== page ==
Picks and Pans Review: Austin Powers in Goldmember
Get to your seat late and you risk missing the single best part of Austin Powers in Goldmember. This cheerful third installment of the comic adventures of England's swingingest secret agent begins with a hilarious, cameo-stocked—we're talking big, big names—parody of the obligatory opening stunt sequences in James Bond films. It's followed by a massive musical number in which Austin Powers (Myers), making like a pixieish Gene Kelly, prances across a studio back lot in a dead-on spoof of with-it '60s groovefests. All that's missing is Nancy Sinatra in white go-go boots.
Goldmember never again quite scales those heady heights, though Powers is undeniably one of the screen's great recent comic creations. Myers's genius is that he uses the oversexed, choppers-challenged spy—along with three other characters whom he plays: the villainous Dr. Evil, the corpulent Scotsman Fat Bastard and a new, nasty Dutch disco king named Goldmember—to satirize cultural ephemera. Disco, gangsta rap, Cockney slang and blaxploitation films all get zapped as Powers zips across the decades, to 1975 and the present, while trying to rescue his kidnapped father. Dad is Nigel Powers, himself a celebrated spy and bon vivant, who's played to toothy perfection by Caine.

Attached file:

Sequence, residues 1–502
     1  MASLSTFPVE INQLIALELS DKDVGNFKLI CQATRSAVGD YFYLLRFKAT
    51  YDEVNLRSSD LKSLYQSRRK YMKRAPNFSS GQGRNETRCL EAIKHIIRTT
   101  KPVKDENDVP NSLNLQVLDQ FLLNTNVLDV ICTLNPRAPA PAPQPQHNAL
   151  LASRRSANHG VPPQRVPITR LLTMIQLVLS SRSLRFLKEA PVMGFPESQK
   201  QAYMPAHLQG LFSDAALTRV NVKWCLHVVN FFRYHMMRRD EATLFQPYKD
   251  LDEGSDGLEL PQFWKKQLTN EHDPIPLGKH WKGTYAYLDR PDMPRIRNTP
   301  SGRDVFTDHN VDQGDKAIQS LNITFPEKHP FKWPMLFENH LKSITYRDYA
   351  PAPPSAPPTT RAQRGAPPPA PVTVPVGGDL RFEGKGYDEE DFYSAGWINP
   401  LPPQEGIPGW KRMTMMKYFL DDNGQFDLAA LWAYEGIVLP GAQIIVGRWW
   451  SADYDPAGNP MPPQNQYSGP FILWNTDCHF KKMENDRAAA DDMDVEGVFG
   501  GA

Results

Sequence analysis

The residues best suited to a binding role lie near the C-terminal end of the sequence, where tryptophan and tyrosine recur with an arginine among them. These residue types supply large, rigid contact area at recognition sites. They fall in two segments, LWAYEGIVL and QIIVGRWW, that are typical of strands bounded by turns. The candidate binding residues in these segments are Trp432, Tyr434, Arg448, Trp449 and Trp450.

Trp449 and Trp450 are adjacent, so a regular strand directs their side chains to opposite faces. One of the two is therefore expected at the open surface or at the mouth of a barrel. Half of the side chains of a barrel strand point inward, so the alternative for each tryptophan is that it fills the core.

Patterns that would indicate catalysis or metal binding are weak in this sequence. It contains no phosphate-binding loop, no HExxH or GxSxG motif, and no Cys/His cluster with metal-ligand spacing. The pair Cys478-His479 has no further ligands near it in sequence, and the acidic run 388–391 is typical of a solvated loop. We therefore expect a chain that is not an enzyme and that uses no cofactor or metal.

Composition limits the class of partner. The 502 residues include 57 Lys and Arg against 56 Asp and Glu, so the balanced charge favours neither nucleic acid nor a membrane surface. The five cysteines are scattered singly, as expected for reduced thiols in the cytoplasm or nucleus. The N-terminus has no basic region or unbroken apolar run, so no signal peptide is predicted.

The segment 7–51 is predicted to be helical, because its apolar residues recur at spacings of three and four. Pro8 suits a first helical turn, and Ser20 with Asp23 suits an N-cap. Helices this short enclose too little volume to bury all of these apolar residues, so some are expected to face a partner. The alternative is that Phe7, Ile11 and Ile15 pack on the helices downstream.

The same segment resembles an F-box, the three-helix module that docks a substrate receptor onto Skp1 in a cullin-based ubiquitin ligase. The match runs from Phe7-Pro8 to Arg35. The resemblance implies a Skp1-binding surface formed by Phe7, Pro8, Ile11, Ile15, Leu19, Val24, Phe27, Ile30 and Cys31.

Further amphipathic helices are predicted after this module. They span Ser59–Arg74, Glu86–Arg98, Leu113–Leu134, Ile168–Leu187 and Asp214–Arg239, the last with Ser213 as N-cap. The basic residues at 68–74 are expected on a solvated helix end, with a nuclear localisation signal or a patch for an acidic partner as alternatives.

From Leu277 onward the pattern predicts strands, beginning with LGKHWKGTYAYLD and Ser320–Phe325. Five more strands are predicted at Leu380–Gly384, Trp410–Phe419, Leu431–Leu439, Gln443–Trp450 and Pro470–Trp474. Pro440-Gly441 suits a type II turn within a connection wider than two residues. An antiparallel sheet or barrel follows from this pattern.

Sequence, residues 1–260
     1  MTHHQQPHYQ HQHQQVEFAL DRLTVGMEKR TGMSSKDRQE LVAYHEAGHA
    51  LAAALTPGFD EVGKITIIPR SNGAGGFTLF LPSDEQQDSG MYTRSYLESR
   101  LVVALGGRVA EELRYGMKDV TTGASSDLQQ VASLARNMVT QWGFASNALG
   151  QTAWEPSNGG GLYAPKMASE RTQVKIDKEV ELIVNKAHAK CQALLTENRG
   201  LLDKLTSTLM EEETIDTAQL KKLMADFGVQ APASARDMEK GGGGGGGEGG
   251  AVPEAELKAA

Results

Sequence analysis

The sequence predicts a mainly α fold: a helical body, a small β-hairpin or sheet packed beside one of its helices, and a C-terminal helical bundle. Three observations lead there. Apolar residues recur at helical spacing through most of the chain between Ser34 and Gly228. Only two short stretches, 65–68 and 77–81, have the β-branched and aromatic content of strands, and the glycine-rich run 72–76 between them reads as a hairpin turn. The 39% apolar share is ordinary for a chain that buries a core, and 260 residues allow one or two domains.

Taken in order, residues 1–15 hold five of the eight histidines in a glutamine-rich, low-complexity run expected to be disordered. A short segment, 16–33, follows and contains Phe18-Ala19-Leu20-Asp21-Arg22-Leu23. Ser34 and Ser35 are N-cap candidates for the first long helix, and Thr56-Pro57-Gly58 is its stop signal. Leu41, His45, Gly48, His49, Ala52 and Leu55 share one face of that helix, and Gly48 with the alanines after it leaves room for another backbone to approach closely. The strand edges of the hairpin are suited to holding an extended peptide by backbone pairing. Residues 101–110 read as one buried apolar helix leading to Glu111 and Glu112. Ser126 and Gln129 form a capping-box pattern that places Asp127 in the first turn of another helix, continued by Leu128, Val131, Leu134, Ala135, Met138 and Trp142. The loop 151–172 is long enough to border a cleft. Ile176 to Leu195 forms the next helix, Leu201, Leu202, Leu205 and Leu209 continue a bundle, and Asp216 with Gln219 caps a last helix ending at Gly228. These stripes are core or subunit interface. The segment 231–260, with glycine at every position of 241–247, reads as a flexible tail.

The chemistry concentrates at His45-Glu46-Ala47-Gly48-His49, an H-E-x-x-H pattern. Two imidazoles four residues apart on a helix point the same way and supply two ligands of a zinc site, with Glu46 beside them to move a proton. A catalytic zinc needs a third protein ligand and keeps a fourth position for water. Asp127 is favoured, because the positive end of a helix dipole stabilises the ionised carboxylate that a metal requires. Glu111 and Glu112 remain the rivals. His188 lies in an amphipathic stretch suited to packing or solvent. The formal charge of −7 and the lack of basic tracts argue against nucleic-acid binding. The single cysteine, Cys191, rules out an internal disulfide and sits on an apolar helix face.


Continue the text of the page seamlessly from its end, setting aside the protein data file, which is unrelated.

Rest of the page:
It's all rather silly and the potty humor overflows at times, but director Jay Roach (who directed the two previous Powers pictures) keeps the laughs coming during the film's 94-min. running time. Dr. Evil again gets all the best lines and routines, particularly when paired with the returning Mini-Me (Verne Troyer). Pop singer Knowles, playing secret agent Foxxy Cleopatra, isn't called upon to do more than project pulchritude and attitude. She aces both. (PG-13)
Bottom Line: A grooveable feast